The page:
Recently, I went on a train ride with my son to the local airshow at Quonset Point in North Kingstown, Rhode Island. The location also is the port which brings in a fair chunk of the Audi and Volkswagen products destined for New England. And, more recently, it’s also become a graveyard.
As the train rounded the corner onto the siding heading towards the port, what used to be an abandoned rail yard of a forgone era – a reminder of when the Navy had a major presence and money in Rhode Island – has been filled to the brim with a new activity. Yet it’s equally as sad as the dusty boarded up military buildings which once lined what has become an industrial park. That’s because it’s the home of all of the local “Dieselgate” buybacks of Volkswagen TDis.
Row after row of (to me) effectively brand new or lightly used TDis greeted us as the train shook on the decrepit rails. So bad is the condition of the track in that area that the train is limited to nearly walking speed; fitting, as it made the procession by the flocks of abandoned Volkswagens all the more painful to witness. We couldn’t just buzz past quickly; it was as if the antiquated rail system was offering a commentary on the VW scandal.
It brought me back to a little over a decade prior when Volkswagen came roaring back to the U.S. with its promise of “Clean Diesel”. A fan of the brand, I – like so many others – felt genuine enthusiasm as the products which dominated Europe were finally coming to the U.S.! Real world mileage was met with manual 6-speed transmissions and even a wagon – and more people than ever were flocking to the brand, happy to identify themselves as budding environmentalists because of their discerning automotive choice.…
The Type 21/28 Lasten Transporter doesn’t get much press on this site mostly because the LT series of Transporters from Volkswagen was never offered here. Introduced in the mid-1970s as a larger work vehicle than the T2, in brought water-cooled motors and a more traditional front-engine, rear-drive layout to Volkswagen’s van recipe. Well, I say “front-engine”, but technically this was a mid-engine van since the layout placed the engine above the front axle.
The LT was a work van first and foremost, so they were not luxurious in nature. Often snapped up by delivery companies and municipalities, they lived hard lives and it has become even more unusual to see them today as the newest is new some 22 years old. They were available in many different configurations with different engines, from the 2.8 ton LT28 through the mega-duty LT55. Both gasoline and diesel (along with a turbocharger in some cases) were available, and Volkswagen even briefly offered a Westfalia camper version of the larger T4.
This particular example is from mid-run. A LT35D, it features the Volkswagen D24 DW 2.4 liter inline-6 normally aspirated diesel. With a 23.5:1 compression ratio these motors sound impressive but didn’t return much in terms of power; sans turbo (and as seen in Volvos, too!), they made 74 horsepower at 4,000 rpms and all of 114 lb.ft of torque. It has has an interesting history, having lived its working life as a fire truck at Zahnradfabrik Passau in Bavaria on the Austrian border; a production plant for the company you known much better as simply “ZF”:
Before the W124 bowed out in 1995, the last oil-burning version you could buy was the E300 Diesel. It received the exterior tweaks associated with post-facelift cars of the late W124 era, including a rounder front grille, updated glass headlights and smoked taillights. It also got the OM606 engine under the hood, a 3.0 liter inline six cylinder diesel unit making about 135 hp. Unlike earlier W124 diesels, there was no turbo. But fret not. These were still fast enough (for a diesel), and the OM606 is one of the most rugged engines Mercedes ever made. These cars will cruise effortlessly on the highway while returning 30+ MPG. Perfect for the commuter looking for tank-like build quality, reasonable running costs and a bit of class.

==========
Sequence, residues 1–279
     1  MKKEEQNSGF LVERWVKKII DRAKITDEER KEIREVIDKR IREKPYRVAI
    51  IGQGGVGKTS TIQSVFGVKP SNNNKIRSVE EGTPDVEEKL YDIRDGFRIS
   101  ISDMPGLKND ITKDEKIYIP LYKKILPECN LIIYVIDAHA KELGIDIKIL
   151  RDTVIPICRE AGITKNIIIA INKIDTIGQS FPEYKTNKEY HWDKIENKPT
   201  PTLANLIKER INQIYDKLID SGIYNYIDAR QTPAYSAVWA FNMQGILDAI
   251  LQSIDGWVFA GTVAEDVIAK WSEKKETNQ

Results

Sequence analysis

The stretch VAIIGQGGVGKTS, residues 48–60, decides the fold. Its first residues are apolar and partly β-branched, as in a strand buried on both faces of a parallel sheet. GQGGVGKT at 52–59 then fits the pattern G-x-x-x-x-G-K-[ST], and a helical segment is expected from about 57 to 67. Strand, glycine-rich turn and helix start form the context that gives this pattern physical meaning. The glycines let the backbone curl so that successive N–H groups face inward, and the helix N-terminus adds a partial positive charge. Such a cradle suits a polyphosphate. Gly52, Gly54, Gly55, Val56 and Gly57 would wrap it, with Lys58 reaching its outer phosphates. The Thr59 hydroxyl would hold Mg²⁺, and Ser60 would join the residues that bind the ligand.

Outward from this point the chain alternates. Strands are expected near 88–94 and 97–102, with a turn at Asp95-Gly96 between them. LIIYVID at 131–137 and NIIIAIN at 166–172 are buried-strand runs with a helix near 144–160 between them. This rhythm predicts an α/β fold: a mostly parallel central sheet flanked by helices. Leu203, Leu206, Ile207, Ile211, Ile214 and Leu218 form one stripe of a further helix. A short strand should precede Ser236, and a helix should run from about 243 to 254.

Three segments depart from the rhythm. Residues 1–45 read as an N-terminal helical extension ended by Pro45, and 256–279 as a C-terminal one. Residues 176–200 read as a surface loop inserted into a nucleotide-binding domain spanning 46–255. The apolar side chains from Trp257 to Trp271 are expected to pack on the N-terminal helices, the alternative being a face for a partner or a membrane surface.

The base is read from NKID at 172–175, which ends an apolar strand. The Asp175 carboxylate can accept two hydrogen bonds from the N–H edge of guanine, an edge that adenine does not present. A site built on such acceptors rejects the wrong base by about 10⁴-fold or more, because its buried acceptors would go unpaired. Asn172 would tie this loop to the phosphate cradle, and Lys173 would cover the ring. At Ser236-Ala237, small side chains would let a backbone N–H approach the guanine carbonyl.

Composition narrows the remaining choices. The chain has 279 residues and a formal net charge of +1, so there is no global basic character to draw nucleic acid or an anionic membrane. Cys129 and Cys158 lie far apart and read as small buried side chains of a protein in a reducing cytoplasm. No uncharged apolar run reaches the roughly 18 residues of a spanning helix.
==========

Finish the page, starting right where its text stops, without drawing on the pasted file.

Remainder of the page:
Last week I checked out a 1982 240D with a mere 1,356 miles and explained that at $18,000, it’s probably going to be snatched up by someone who wants that second chance at a brand new W123. Today’s car, a 1983 240D, will probably offer that same chance at for whoever wants to step up and drop the money for this incredible 240D. Surprisingly (or maybe not), this W123 for sale in California not only has 60,000 more miles than last week’s example, but also is more expensive.
Engine: 2.4 liter inline-4
Transmission: 4-speed maunal
Mileage: 62,866 mi
Price: $22,000 Buy It Now
1983 Mercedes-Benz 240D- ID# WDBAB23A3DB382189 – Single owner Pasadena, CA car
White/Blue MB tex – Power sunroof – 4 spd manual gearbox – Manual windows.
Cruise control – AM/FM Stereo – Power door/trunk/fuel filler locks – Tool roll still in unopened plastic bag.
Original safety kit – Unused original spare tire/wheel – 62k documented miles – Original windshield.
Owner’s handbook – Blue/orange quick reference placards.
VPC inspection sticker still on windshield – PDI sticker still in driver’s door jamb – Last year of US 240D production.
Extraordinary preservation from day one – Fully original paint as per infrared paint depth indicator.
Virtually no paint blemishes – Superb paint depth and gloss – Spotless door jambs and shutfaces.
Unblemished exterior brightwork.
Virtually flawless original interior – Perfect dash pad – Spotless carpets – Perfect headliner and package panel.
Spotless undercarriage – Spotless inner wheel wells – Spotless engine bay aprons.
Perfect grille/chrome bars – Spotless trunk area.
Major service just completed – New tires – All fluids and filters renewed.
New engine mounts/trans mount – Sway bar links – Alignment – Fuel hoses as necessary.
If I had a dollar for every time I’ve seen someone advertise the car they were selling as “low mileage”, I’d be a very rich man. I’d guess 99% of the time it’s some sort of crazy formula used to justify an older car with still a bunch of miles on it. Usually it’s the “only averaged 7,100 miles a year!” line or something of that sort. Well, if the car is 29 years old, that’s still over 200,000 miles and the whole low mileage thing goes right out the window. But no one else said you had to be rational (or honest) to sell a used car on the internet, that’s for sure.
But today’s car actually lives up to the term “low mileage”. Heck, that is probably an insult to how few miles this 1983 240D has on it, or at the very least extreme understatement. If you can believe it, which I think I do, this W123 for sale in California has a mere 1,356 miles on it. That’s it – 1,356. It’s the story of the owner bought it, got sick and it sat in a garage buried under a pile of rubbish for the last 35 years. Of course in typical Mercedes diesel fashion, it had a splash of fresh fuel along with a new a battery and it fired right up. Now that I can say I’ve probably found one of the lowest mile (or maybe the lowest period) W123s left out there, I had to take a closer look.
Engine: 2.4 liter inline-4
Transmission: 4-speed automatic
Mileage: 1,356 mi
1982 Mercedes-Benz 240D, The original owner drove the car from San Diego to Vegas and back then parked it in his garage.